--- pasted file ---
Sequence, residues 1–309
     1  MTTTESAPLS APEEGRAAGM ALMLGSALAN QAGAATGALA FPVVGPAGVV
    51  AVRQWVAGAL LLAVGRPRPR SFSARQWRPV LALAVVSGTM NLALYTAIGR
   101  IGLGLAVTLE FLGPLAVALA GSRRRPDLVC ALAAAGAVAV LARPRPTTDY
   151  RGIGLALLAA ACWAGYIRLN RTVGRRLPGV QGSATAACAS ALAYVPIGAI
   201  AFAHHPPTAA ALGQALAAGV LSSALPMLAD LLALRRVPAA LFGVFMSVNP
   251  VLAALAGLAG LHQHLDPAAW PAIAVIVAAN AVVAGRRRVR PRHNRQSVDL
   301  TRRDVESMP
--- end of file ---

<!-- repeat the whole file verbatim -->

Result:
Sequence, residues 1–309
     1  MTTTESAPLS APEEGRAAGM ALMLGSALAN QAGAATGALA FPVVGPAGVV
    51  AVRQWVAGAL LLAVGRPRPR SFSARQWRPV LALAVVSGTM NLALYTAIGR
   101  IGLGLAVTLE FLGPLAVALA GSRRRPDLVC ALAAAGAVAV LARPRPTTDY
   151  RGIGLALLAA ACWAGYIRLN RTVGRRLPGV QGSATAACAS ALAYVPIGAI
   201  AFAHHPPTAA ALGQALAAGV LSSALPMLAD LLALRRVPAA LFGVFMSVNP
   251  VLAALAGLAG LHQHLDPAAW PAIAVIVAAN AVVAGRRRVR PRHNRQSVDL
   301  TRRDVESMP